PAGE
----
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Convicted Cop Killer to Get Second Chance at Freedom?

Convicted Cop Killer to Get Second Chance at Freedom?

In this Jan. 16, 1991 file photo, Troy Anthony Davis enters a courtroom for a hearing while on trail for the shooting death of off-duty police officer Mark MacPhail. [AP]

Atlanta Journal Constitution via YellowBrix

June 23, 2010

ATLANTA – Troy Anthony Davis returns today to Savannah, where he was convicted and sentenced to death almost two decades ago for killing an off-duty police officer during a late-night melee.

For more than a decade, Davis has sought to present in open court his claims of innocence, including the testimony of seven key prosecution witnesses who have recanted or contradicted their trial testimony. Today in U.S. District Court in Savannah he will get that chance, thanks to an extraordinary ruling last year by the nation’s highest court.

Before today’s hearing, spectators and members of the news media hoping to get a seat began forming a line outside the federal courthouse before 6 a.m. Davis arrived shortly before 7 a.m., accompanied by an armed escort of Chatham County police officers.

Vigils and rallies were held Tuesday night in Savannah and Atlanta on behalf of Davis and slain Savannah Police Officer Mark Allen MacPhail.

Davis’ innocence claims have attracted international attention, including former President Jimmy Carter and Pope Benedict XVI urging that he be spared from execution. In recent years, Davis’ scheduled execution has been halted three times — on one occasion just two hours before he was to be put to death by lethal injection.

Last August, for the first time in nearly half a century, the U.S. Supreme Court took a case filed directly to its docket, instead of hearing an appeal of a lower-court ruling. It accepted Davis’ last-ditch innocence claim after Davis had exhausted all his appeals.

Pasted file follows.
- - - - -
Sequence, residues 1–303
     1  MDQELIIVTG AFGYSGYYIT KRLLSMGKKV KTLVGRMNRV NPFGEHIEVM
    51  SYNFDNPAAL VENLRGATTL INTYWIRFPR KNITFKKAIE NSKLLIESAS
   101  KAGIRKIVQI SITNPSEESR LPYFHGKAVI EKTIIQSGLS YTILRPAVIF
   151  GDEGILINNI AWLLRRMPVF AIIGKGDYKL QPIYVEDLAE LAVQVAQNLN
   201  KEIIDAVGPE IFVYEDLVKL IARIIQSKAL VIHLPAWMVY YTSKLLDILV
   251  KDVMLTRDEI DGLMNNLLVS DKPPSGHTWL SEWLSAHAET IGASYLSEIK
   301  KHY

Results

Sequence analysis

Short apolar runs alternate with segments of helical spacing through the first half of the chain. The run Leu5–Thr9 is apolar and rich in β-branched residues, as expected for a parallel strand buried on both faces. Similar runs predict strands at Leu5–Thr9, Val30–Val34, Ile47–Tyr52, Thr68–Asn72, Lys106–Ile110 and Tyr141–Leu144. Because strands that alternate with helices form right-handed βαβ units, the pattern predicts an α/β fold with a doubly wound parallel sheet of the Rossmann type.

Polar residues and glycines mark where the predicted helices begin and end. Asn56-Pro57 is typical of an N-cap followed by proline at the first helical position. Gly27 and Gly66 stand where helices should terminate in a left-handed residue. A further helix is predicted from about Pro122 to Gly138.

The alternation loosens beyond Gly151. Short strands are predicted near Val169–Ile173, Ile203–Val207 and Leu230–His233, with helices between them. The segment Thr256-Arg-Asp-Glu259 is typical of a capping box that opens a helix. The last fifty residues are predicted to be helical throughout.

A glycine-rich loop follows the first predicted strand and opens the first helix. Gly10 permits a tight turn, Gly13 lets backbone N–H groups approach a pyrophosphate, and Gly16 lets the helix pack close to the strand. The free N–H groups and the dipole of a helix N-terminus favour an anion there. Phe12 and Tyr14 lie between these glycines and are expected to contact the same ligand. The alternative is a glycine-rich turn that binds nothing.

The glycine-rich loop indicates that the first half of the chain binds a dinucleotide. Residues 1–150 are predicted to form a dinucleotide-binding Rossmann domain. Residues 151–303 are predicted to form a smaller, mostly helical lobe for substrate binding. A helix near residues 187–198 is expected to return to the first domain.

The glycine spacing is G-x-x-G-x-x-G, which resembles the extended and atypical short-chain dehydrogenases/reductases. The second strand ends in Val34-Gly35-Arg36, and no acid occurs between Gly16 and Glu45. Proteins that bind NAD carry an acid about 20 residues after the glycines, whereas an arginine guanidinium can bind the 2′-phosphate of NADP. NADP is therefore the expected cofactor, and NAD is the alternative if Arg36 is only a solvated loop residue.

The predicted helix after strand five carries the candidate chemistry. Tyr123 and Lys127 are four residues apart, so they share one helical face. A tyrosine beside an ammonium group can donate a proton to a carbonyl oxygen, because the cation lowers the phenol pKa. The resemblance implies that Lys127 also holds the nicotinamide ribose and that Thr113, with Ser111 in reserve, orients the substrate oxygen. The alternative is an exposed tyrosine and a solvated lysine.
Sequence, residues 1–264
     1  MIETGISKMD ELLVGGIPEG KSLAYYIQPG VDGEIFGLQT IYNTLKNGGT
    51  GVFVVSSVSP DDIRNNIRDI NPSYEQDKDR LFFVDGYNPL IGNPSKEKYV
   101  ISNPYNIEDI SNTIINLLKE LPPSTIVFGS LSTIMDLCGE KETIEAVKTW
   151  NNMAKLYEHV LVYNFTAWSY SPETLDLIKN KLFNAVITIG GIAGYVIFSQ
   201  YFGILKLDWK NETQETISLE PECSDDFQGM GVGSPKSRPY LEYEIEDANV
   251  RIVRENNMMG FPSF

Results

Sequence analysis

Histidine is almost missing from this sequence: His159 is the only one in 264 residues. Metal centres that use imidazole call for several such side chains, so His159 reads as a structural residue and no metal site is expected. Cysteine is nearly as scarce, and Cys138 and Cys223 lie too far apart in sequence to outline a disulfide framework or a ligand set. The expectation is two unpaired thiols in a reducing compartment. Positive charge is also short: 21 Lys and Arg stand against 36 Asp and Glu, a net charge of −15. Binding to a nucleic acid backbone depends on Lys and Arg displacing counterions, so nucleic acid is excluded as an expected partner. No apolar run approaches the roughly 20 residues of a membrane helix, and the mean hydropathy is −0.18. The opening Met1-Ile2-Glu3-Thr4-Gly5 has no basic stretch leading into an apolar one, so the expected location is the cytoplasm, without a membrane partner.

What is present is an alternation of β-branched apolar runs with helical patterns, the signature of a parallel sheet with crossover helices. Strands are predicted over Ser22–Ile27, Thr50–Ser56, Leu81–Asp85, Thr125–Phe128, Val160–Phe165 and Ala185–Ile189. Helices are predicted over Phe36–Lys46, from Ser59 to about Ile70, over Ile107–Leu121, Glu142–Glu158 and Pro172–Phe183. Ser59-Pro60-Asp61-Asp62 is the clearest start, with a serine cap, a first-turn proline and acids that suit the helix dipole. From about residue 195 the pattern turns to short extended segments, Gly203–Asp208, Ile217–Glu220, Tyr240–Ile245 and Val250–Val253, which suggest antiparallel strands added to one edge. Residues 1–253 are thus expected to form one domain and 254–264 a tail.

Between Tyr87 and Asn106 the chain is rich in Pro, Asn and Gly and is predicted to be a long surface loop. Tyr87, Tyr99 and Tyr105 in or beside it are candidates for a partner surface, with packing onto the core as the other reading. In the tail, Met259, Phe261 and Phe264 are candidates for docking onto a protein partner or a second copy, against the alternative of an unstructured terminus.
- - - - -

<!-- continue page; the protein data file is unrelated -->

The high court ordered a federal judge to convene a hearing to determine whether Davis’ new claims “clearly establish” his innocence.

“Certainly, Mr. Davis and his attorneys have a very difficult burden ahead of them,” said Howard Bashman, a Philadelphia attorney who operates a Web site devoted entirely to appellate litigation. “They have to show far more than there are serious doubts over the validity of the conviction. They have to show that the new evidence clearly establishes Mr. Davis’ innocence.”

Still to be decided is what standard U.S. District Judge William T. Moore Jr., who will preside over the hearing, will use to evaluate Davis’ new innocence claims.

Must Davis prove by clear and convincing evidence that he is innocent so the judge is convinced he did not commit the crime, asked Georgia State University law professor Anne Emanuel. Or does Davis have to show that no reasonable person, after looking at the newly discovered evidence, could find him guilty beyond a reasonable doubt?

“The case does present, in very stark terms, the tension between justice and finality,” Emanuel said.